Last week, we talked about groundwater availability in the principle aquifer of the Glacial Aquifer System. Today, we are here to talk about the quality of the groundwater found within the Glacial Aquifer system, which stretches across 25 states (the principle aquifer, where Indianapolis gets groundwater from, stretches across 22 states). The USGS conducted another interesting study to investigate this by sampling 90 public supply wells across the system, with two in Indiana and one along the Indiana and Ohio border.
The USGS found very low concentrations of organic constituents within the aquifer, which is very good. Organic, or carbon-containing, constituents come from human activities such as the chemicals and processes used in household, business, industrial, and agricultural activities.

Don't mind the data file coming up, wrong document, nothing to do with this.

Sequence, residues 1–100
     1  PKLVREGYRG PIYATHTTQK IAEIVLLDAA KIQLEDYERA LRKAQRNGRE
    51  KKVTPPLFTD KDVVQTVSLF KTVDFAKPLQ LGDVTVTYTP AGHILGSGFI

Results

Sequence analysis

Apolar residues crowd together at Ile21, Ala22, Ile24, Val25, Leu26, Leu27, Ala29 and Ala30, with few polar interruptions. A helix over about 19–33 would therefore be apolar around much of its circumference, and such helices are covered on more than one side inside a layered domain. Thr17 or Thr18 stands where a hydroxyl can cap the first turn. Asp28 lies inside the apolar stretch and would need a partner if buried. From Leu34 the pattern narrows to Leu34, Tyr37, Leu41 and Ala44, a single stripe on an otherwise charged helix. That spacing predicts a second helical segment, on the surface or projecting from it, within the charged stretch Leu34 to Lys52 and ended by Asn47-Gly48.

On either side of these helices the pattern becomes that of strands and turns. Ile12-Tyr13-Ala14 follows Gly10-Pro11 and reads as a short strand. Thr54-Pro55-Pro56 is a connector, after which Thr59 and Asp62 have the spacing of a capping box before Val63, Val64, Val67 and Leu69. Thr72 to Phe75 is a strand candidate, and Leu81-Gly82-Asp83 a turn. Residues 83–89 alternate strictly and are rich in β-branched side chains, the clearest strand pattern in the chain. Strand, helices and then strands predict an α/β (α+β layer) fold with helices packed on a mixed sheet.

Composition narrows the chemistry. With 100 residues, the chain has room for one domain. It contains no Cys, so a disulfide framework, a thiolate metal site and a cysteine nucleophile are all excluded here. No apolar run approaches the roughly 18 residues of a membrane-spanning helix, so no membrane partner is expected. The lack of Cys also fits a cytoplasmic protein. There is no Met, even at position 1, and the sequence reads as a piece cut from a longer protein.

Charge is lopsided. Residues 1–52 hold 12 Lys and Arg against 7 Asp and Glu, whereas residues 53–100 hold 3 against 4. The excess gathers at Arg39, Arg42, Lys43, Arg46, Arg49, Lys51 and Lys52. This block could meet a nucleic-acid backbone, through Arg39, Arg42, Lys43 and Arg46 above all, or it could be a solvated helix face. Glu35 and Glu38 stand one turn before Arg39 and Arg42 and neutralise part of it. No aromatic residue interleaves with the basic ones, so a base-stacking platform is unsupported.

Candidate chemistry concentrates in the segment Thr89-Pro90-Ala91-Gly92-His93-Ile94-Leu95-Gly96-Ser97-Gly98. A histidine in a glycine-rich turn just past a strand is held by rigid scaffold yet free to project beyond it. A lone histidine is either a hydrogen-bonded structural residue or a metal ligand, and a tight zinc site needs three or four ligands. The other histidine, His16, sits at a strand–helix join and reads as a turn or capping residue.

The USGS also looked at inorganic, or non-organic, compounds which generally are synthesized by purely geologic systems. Human activities like agriculture can pollute groundwater with inorganic chemicals such as nitrates, but often inorganic constituents “naturally” enter groundwater due to leaching bedrock and other processes. The USGS found that 51% of the study area had low to no inorganic constituents, 23% had moderate inorganic constituents, and 26% had high inorganic constituents.
If you are interested in reading more about water quality within the Glacial Aquifer System, the report is available for download from the USGS.